But Sisera hadn’t read the book, and he made the fatal mistake of camping his army in a wadi, by the River Kishon. And as Barak marched his army down Mount Tabor to engage Sisera’s chariots, with the odds hopelessly stacked against them, it started to rain: 5:4, ‘The heavens dropped, yes, the clouds dropped water.’ And it seems that River Kishon swelled and a flash flood hit the area with devastating consequences for Sisera: v21, ‘The torrent Kishon swept them away, the ancient torrent, the torrent Kishon.’ And either the chariots were physically swept away, or they got bogged down in the mud and the wet, and there is nothing more useless than a chariot stuck in the mud.
And so Deborah and Barak were in no doubt as to who the Rescuer really was that day. It was God who in 4:7 said he would draw the army of Sisera to camp by the river. In 4:14, Deborah says to Barak, “Up! For this is the day in which the Lord has given Sisera into your hand. Does not the Lord go out before you?” I mean – this may just look like storm clouds to you, Barak, it may just look like rain, but this is God marching out before you. And so it’s God who gets the glory for the victory: 4:23, ‘So on that day God subdued Jabin the king of Canaan.’ And the response of the leaders and the people to God’s call to arms is not something simply to slap one another on the back for, but to thank and praise God: 5:2, “That the leaders took the lead in Israel, that the people offered themselves willingly, bless the Lord!” He did it!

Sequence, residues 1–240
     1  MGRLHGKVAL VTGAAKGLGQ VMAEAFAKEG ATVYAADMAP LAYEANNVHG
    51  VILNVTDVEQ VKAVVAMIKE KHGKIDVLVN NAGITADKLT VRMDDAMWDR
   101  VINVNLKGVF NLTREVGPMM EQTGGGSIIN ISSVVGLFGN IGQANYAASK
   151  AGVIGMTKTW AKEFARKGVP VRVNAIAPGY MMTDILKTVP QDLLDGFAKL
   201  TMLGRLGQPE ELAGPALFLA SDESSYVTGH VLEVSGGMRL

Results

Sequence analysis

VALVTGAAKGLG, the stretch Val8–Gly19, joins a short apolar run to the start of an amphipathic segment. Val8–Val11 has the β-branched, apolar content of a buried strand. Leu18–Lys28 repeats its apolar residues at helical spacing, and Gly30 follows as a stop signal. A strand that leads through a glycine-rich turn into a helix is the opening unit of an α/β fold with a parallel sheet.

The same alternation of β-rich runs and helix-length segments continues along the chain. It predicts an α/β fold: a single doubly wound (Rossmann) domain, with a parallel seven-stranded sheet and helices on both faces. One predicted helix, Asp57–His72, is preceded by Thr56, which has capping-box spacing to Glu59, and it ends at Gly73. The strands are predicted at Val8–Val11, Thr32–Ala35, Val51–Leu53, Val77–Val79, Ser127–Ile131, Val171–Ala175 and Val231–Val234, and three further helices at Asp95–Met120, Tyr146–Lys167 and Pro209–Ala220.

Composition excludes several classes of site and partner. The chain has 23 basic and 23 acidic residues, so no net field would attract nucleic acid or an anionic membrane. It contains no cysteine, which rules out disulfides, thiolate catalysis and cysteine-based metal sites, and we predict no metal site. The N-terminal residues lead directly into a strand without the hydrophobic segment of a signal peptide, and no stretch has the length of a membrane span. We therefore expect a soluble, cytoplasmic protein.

So who gets the ultimate honour for the rescue? It’s not Deborah, or Barak or Jael - it’s God. And ultimately He’s the victorious warrior. Because that’s what God does – he rescues his people. And as a result, chapter 5 ends by telling us, v31, ‘And the land had rest for 40 years.’